Choosing a Californian Rabbit

The Californian rabbit is a true American original. Developed in the United States in the 1920s, this breed was intended to be a rapidly maturing meat breed that also had good quality fur.

History and Origin

In the early 1920s, rabbit breeders in the United States crossed New Zealand whites, Himalayans and chinchillas to finally produce the Californian rabbit. The purpose of this breed was to have a good meat breed that also had good fur. The breed did not become popular for at least 15 years after development. Today, the Californian is the second most popular meat-producing breed in the world. The fur quality allows this rabbit to also be classified as a fancy breed.


The Californian rabbit has erect ears and is moderate in size, weighing around 7 to 10 pounds (3.5 to 4.75 kilograms). The original coloration of this breed was very similar to the Himalayan. With a predominantly white body and black on the feet, nose, ears and tail, this color pattern is called normal today. The Californian rabbit is now available in chocolate, blue and lilac, all developed in Great Britain.


Commercial rabbit pellets are recommended. Feed 1/4 cup of pellets per 5 pounds of body weight every day. For rabbits under 8 months of age, feed unlimited plain alfalfa pellets. Fresh rinsed greens, vegetables, and fruit, as well as grains and hay, can then be given as supplements. Free choice hay, such as timothy, should always be available and changed daily. Alfalfa hay should not be offered free choice to rabbits over 8 months of age because it is too rich in calcium.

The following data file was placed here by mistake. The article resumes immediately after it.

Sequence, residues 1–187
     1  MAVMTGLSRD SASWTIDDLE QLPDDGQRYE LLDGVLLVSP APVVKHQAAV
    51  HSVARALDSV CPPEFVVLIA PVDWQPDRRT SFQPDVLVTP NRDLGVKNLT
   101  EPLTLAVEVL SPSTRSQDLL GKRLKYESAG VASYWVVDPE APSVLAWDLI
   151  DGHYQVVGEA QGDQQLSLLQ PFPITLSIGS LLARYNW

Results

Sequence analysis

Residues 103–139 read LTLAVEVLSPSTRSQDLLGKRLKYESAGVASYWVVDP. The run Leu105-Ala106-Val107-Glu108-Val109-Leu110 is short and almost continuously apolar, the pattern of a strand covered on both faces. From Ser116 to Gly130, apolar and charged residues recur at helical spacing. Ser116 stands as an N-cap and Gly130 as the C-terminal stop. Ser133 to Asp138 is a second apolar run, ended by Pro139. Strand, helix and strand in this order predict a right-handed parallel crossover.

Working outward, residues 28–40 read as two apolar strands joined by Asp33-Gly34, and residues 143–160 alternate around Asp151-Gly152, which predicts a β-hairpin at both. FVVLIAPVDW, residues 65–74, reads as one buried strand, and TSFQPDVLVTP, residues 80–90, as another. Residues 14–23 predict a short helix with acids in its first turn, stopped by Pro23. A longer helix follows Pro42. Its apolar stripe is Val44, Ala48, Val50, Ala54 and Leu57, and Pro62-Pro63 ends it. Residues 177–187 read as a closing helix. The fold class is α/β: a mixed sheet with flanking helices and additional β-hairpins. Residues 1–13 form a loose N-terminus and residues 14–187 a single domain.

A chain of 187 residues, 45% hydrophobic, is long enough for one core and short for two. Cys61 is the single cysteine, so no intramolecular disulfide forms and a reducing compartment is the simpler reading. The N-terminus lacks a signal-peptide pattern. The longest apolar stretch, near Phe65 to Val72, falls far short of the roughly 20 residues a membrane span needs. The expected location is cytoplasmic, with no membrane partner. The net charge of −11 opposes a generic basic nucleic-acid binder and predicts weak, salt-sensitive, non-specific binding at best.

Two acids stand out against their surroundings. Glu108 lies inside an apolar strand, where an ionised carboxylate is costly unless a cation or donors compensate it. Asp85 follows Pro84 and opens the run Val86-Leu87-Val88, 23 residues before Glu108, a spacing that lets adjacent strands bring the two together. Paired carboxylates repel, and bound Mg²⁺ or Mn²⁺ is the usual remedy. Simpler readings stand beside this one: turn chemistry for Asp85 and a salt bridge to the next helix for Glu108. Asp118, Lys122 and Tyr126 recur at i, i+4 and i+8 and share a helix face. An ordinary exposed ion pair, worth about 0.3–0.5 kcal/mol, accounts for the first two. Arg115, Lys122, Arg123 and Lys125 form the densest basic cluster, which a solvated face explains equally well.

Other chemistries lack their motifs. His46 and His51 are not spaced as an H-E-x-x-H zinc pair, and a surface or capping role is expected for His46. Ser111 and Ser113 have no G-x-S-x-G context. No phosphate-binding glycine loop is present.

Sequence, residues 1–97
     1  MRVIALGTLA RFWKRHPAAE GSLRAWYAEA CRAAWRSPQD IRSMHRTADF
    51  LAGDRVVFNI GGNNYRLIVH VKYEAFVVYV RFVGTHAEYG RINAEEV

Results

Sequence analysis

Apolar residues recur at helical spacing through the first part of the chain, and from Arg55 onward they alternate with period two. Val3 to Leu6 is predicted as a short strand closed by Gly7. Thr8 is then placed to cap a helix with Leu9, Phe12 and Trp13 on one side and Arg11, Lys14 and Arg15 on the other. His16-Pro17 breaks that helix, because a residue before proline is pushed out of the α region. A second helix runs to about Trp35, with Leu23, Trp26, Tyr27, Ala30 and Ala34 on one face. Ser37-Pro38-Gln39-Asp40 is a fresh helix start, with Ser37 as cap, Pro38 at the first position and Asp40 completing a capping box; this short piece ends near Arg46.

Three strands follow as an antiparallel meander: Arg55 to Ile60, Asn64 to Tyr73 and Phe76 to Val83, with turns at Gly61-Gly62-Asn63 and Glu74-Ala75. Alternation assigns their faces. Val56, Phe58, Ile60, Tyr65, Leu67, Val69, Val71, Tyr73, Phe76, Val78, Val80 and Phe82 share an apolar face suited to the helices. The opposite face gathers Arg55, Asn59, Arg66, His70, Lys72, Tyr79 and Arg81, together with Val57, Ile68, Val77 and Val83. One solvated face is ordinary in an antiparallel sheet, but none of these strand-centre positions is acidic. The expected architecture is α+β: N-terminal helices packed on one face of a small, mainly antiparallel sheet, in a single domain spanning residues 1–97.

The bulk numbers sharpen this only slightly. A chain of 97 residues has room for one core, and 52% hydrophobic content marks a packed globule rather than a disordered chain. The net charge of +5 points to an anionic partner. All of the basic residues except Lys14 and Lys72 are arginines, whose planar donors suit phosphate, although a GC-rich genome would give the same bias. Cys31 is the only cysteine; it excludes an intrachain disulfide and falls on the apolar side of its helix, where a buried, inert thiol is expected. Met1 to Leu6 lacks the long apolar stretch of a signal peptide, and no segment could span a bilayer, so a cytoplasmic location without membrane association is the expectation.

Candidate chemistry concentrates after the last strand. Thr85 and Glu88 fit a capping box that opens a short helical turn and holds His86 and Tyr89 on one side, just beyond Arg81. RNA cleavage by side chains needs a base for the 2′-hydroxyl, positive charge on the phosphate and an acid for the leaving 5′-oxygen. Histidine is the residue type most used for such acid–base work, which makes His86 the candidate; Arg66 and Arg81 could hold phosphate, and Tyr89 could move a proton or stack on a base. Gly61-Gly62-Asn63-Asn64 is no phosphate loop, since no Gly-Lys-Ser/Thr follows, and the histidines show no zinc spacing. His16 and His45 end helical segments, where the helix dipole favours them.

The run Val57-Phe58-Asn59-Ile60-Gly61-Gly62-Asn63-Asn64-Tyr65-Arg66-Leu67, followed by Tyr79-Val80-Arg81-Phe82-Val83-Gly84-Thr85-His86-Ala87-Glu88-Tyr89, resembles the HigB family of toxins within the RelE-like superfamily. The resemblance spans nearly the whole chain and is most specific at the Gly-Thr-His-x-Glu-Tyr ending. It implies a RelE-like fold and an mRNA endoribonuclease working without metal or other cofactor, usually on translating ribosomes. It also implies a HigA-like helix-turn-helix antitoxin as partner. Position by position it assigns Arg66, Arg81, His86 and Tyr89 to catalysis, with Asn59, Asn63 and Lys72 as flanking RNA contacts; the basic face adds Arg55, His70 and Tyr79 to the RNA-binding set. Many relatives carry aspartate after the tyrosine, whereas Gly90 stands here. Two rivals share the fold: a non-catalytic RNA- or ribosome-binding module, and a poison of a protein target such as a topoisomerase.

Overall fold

Many rabbits do very well in the home. They can be litter box trained and are quite fastidious groomers. Be aware that rabbits love to chew so make sure all wires are safely hidden or in protective plastic covers and understand that some of your furniture may be nibbled. If you choose to cage your rabbit, make sure the cage is at least 2 feet by 2 feet by 4 feet. If the cage has a wire bottom make certain you give the rabbit a plank or sea grass mats to stand on so his feet won't get damaged from being on the wire all the time. Provide a hide box or shelter and plenty of straw for bedding.

Common Diseases and Disorders

As with other rabbits, Californians do not do well in high or low temperatures. They are prone to hairball obstructions and matted coats if not cared for properly. Rabbits need daily grooming to remove loose hair. Other health concerns include earmites, Pasteurella, respiratory disease, dental problems, urinary bladder stones and fractured backs. Be quick to notice any changes in diet or litter box habits and contact a rabbit veterinarian immediately.

The average life span of a breeding Californian rabbit is 5 to 6 years. By spaying or neutering early in life, you can increase their life expectancy to around 10 years!